The purpose of the event is to build camaraderie and strengthen inter-agency relationships among Texas Guardsmen. With all of the members running the competition against one another, it may not seem like an excellent team-building event. Still, the competitors often help each other and cheer each other on during the challenges.

"I have learned a lot from my roommate," said Lewis. "Staff Sgt. Guevara, she has taught me a lot since I got here. She is awesome."

Bonds like the one between Lewis and Guevara are beneficial to the Texas Military Department as a whole during natural disasters like hurricane Harvey in 2017. During hurricane recovery missions, the Army and Air Guard often deploy together.

"The event is important because not only are they practicing their warrior skills, but they are also learning how to work with each other." Said Senior Master Sgt. Juan Flores, 149th Security Forces Squadron superintendent.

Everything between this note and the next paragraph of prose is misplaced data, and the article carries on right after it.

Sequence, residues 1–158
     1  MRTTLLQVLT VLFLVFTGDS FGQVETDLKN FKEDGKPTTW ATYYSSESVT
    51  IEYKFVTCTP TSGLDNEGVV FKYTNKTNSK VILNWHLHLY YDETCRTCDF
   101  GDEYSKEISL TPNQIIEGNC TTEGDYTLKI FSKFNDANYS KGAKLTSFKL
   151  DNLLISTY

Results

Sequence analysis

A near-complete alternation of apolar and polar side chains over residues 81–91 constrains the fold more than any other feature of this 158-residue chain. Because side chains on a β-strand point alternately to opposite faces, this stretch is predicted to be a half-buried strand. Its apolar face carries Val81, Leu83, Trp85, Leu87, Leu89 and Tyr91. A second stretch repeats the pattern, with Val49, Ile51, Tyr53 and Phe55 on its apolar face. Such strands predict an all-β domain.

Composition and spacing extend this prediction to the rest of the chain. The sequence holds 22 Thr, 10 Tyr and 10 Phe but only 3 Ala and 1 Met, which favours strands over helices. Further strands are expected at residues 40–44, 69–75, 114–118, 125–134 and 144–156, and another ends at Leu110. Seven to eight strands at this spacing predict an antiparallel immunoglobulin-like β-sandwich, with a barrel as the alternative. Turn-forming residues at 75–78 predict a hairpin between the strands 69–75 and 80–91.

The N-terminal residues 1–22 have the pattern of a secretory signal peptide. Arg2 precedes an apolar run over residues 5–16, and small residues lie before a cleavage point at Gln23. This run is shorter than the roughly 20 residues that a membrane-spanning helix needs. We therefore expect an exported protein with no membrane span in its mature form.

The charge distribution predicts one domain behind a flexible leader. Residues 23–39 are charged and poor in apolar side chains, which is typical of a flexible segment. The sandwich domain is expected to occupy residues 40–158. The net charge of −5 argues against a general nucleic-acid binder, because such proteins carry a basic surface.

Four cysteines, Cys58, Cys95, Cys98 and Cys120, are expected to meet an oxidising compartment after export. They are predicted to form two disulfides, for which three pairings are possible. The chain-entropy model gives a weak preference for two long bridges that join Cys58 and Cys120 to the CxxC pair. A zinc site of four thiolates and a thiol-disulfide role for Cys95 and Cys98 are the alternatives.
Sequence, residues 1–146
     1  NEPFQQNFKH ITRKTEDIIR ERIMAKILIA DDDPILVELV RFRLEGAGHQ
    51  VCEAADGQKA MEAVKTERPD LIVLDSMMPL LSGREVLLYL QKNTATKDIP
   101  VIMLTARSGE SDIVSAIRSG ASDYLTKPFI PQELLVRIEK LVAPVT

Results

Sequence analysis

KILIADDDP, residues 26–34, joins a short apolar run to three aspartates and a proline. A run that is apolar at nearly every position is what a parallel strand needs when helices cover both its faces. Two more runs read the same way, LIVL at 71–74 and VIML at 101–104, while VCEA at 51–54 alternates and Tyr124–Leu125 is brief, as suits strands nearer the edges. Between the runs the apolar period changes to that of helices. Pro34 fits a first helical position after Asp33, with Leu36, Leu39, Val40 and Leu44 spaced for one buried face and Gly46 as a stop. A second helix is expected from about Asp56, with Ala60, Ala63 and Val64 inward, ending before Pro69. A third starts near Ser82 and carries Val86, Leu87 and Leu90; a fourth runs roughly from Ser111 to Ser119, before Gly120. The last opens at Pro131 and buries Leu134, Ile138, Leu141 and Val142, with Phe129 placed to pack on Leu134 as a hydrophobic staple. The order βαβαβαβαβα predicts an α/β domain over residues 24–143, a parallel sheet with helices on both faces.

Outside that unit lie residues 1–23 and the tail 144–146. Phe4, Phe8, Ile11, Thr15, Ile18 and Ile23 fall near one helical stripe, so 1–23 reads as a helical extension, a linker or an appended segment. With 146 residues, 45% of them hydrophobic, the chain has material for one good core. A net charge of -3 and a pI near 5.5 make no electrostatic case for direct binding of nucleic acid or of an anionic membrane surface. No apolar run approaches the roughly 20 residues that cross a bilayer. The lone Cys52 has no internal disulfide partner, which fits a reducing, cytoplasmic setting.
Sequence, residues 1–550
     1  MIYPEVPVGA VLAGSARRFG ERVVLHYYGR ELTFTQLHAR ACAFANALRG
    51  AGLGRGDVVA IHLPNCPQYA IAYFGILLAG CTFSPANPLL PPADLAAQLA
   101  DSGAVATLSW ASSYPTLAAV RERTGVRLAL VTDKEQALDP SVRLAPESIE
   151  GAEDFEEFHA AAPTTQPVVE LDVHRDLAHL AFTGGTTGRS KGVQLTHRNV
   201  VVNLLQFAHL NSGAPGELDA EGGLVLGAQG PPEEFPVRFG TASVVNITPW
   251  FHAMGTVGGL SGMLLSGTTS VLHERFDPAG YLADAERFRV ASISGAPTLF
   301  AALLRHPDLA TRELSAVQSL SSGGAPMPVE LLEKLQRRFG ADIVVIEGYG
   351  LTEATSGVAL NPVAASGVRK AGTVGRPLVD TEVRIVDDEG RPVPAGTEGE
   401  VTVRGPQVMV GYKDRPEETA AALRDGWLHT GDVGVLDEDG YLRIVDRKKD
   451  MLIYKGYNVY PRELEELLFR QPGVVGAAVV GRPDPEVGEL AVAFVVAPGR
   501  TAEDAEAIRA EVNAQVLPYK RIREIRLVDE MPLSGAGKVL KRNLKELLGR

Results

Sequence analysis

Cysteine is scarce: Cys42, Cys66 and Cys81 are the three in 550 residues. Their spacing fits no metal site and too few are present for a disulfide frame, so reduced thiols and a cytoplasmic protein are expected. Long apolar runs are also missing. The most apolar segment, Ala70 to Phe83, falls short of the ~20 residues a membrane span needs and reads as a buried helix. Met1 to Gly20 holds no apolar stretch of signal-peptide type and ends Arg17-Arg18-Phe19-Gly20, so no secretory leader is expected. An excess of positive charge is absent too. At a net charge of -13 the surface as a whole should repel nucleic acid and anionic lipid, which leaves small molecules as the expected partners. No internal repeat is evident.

"We work hand in hand with the Army quite a bit, whether that be in natural disasters or the border mission. So it is important that we learn to work with them to learn how to do it well."

In total, 31 competitors participated in this year’s TMDBWC, including military members from the Czech Republic and Chile who are both partners of the Texas military under the State Partnership Program.
The competition gives all parties involved an opportunity to work with and learn from each other.

"The Chileans are great people," said Garcia. "I've been able to talk to them and become good friends with them. I was even able to help one of them learn how to disassemble and reassemble the Mark 19 Machine Gun because I speak Spanish. It felt really good to teach someone else and he was super appreciative."

The winners of this year’s Best Warrior Competition will be named and honored at a banquet in April. Winners from the Army National Guard will continue to represent Texas in the regional and national Best Warrior competitions later this year.

Governor Abbott Reappoints Norris As Adjutant General of Texas

Press Release Courtesy of the Office of Governor Greg Abbott

February 27, 2020